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The haemodynamic dilemma in emergency care: Is fluid responsiveness the answer? A systematic review

Overview of attention for article published in Scandinavian Journal of Trauma, Resuscitation and Emergency Medicine, March 2017
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About this Attention Score

  • In the top 25% of all research outputs scored by Altmetric
  • High Attention Score compared to outputs of the same age (87th percentile)

Mentioned by

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26 tweeters
facebook
1 Facebook page

Citations

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14 Dimensions

Readers on

mendeley
46 Mendeley
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1 CiteULike
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Title
The haemodynamic dilemma in emergency care: Is fluid responsiveness the answer? A systematic review
Published in
Scandinavian Journal of Trauma, Resuscitation and Emergency Medicine, March 2017
DOI 10.1186/s13049-017-0370-4
Pubmed ID
Authors

Mohammed H. Elwan, Ashraf Roshdy, Eman M. Elsharkawy, Salah M. Eltahan, Timothy J. Coats

Abstract

Fluid therapy is a common and crucial treatment in the emergency department (ED). While fluid responsiveness seems to be a promising method to titrate fluid therapy, the evidence for its value in ED is unclear. We aim to synthesise the existing literature investigating fluid responsiveness in ED. MEDLINE, Embase and the Cochrane library were searched for relevant peer-reviewed studies published from 1946 to present. A total of 249 publications were retrieved of which 22 studies underwent full-text review and eight relevant studies were identified. Only 3 studies addressed clinical outcomes - including 2 randomised controlled trials and one feasibility study. Five articles evaluated the diagnostic accuracy of fluid responsiveness techniques in ED. Due to marked heterogeneity, it was not possible to combine results in a meta-analysis. High quality, adequately powered outcome studies are still lacking, so the place of fluid responsiveness in ED remains undefined. Future studies should have standardisation of patient groups, the target response and the underpinning theoretic concept of fluid responsiveness. The value of a fluid responsiveness based fluid resuscitation protocol needs to be established in a clinical trial.

Twitter Demographics

The data shown below were collected from the profiles of 26 tweeters who shared this research output. Click here to find out more about how the information was compiled.

Mendeley readers

The data shown below were compiled from readership statistics for 46 Mendeley readers of this research output. Click here to see the associated Mendeley record.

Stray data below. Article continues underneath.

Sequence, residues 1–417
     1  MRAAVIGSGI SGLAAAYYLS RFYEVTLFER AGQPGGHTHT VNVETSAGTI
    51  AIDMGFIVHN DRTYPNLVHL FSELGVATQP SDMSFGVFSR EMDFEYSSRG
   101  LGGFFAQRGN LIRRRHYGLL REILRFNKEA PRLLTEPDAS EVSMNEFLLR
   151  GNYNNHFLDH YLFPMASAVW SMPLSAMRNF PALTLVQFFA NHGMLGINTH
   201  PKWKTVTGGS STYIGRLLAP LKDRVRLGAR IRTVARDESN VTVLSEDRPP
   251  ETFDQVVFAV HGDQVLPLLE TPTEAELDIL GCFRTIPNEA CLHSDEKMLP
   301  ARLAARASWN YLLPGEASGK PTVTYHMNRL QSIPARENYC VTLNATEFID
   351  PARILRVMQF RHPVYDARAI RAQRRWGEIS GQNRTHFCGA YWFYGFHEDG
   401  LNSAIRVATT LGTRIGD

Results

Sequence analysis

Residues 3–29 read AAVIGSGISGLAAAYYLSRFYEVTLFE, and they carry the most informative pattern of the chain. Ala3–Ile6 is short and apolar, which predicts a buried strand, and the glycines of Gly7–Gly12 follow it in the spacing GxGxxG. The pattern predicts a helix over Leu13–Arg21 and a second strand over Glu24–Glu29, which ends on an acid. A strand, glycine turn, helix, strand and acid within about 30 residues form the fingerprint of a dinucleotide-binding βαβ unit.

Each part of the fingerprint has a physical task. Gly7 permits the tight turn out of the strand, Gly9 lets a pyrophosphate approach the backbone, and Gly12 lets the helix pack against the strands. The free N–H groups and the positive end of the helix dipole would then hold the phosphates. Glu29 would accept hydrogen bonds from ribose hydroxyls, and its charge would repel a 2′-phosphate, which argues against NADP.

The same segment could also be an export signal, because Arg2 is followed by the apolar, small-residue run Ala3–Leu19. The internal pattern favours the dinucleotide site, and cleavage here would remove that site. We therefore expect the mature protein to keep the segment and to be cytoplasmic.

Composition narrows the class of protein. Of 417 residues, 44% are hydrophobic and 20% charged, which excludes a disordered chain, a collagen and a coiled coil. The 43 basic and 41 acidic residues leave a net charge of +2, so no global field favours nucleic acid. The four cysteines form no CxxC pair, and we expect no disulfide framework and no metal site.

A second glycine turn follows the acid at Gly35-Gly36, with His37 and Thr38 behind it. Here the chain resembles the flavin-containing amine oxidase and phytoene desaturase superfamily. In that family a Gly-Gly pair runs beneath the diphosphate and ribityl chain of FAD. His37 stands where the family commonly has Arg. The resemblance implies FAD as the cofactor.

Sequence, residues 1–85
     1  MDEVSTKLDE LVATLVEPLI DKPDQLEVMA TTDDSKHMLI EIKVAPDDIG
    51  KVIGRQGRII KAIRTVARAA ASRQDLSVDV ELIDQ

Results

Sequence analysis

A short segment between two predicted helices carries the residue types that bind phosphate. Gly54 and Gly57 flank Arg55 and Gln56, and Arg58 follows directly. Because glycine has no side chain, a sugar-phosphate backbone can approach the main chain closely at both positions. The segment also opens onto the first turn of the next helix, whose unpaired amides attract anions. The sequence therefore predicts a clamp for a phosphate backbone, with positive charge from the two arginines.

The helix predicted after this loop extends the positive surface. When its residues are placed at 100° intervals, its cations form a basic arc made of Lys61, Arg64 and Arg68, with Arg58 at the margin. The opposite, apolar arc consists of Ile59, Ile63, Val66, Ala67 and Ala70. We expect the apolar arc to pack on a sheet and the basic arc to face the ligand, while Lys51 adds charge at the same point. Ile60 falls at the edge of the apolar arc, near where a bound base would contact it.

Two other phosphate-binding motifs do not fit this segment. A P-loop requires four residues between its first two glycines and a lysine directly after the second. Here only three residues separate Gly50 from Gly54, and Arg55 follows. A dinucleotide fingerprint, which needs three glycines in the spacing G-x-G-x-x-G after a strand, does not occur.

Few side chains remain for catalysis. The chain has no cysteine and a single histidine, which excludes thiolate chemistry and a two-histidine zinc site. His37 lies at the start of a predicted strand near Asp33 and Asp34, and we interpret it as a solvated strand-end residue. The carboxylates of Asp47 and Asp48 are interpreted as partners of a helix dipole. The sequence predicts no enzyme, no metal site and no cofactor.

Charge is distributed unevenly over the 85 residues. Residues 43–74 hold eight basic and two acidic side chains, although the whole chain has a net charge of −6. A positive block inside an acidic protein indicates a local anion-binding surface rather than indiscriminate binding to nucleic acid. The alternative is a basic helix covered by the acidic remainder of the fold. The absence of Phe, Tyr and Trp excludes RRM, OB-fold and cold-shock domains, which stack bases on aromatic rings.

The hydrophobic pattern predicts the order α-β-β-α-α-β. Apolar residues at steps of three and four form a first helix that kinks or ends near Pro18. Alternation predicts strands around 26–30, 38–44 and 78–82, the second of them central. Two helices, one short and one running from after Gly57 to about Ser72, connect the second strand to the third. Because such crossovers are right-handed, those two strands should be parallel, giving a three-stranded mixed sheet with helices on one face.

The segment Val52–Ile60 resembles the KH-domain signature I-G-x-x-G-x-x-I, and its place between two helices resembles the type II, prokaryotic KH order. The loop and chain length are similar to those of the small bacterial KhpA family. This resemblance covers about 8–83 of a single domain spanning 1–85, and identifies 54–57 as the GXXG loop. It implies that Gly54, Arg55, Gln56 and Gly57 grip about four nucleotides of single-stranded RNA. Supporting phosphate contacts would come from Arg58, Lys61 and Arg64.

Geographical breakdown

Country Count As %
Unknown 46 100%

Demographic breakdown

Readers by professional status Count As %
Researcher 7 15%
Other 6 13%
Student > Postgraduate 6 13%
Student > Master 4 9%
Student > Bachelor 3 7%
Other 13 28%
Unknown 7 15%
Readers by discipline Count As %
Medicine and Dentistry 27 59%
Nursing and Health Professions 5 11%
Unspecified 1 2%
Agricultural and Biological Sciences 1 2%
Veterinary Science and Veterinary Medicine 1 2%
Other 4 9%
Unknown 7 15%

Attention Score in Context

This research output has an Altmetric Attention Score of 17. This is our high-level measure of the quality and quantity of online attention that it has received. This Attention Score, as well as the ranking and number of research outputs shown below, was calculated when the research output was last mentioned on 11 September 2018.
All research outputs
#1,572,817
of 19,910,352 outputs
Outputs from Scandinavian Journal of Trauma, Resuscitation and Emergency Medicine
#150
of 1,179 outputs
Outputs of similar age
#34,442
of 273,787 outputs
Outputs of similar age from Scandinavian Journal of Trauma, Resuscitation and Emergency Medicine
#1
of 2 outputs
Altmetric has tracked 19,910,352 research outputs across all sources so far. Compared to these this one has done particularly well and is in the 92nd percentile: it's in the top 10% of all research outputs ever tracked by Altmetric.
So far Altmetric has tracked 1,179 research outputs from this source. They typically receive more attention than average, with a mean Attention Score of 9.3. This one has done well, scoring higher than 87% of its peers.
Older research outputs will score higher simply because they've had more time to accumulate mentions. To account for age we can compare this Altmetric Attention Score to the 273,787 tracked outputs that were published within six weeks on either side of this one in any source. This one has done well, scoring higher than 87% of its contemporaries.
We're also able to compare this research output to 2 others from the same source and published within six weeks on either side of this one. This one has scored higher than all of them